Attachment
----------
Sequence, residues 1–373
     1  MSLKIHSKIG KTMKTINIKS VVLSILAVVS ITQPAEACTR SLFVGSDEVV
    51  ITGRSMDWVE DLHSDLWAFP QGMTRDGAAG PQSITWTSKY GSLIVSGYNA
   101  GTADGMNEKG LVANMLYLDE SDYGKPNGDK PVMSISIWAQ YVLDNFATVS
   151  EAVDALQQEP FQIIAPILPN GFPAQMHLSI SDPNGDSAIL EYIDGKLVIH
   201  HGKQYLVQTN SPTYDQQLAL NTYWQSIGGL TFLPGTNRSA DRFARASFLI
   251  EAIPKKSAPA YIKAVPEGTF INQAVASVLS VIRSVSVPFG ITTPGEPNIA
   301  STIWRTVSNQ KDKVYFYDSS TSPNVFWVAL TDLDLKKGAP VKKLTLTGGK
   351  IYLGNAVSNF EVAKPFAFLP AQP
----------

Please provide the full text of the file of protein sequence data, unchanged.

Sequence, residues 1–373
     1  MSLKIHSKIG KTMKTINIKS VVLSILAVVS ITQPAEACTR SLFVGSDEVV
    51  ITGRSMDWVE DLHSDLWAFP QGMTRDGAAG PQSITWTSKY GSLIVSGYNA
   101  GTADGMNEKG LVANMLYLDE SDYGKPNGDK PVMSISIWAQ YVLDNFATVS
   151  EAVDALQQEP FQIIAPILPN GFPAQMHLSI SDPNGDSAIL EYIDGKLVIH
   201  HGKQYLVQTN SPTYDQQLAL NTYWQSIGGL TFLPGTNRSA DRFARASFLI
   251  EAIPKKSAPA YIKAVPEGTF INQAVASVLS VIRSVSVPFG ITTPGEPNIA
   301  STIWRTVSNQ KDKVYFYDSS TSPNVFWVAL TDLDLKKGAP VKKLTLTGGK
   351  IYLGNAVSNF EVAKPFAFLP AQP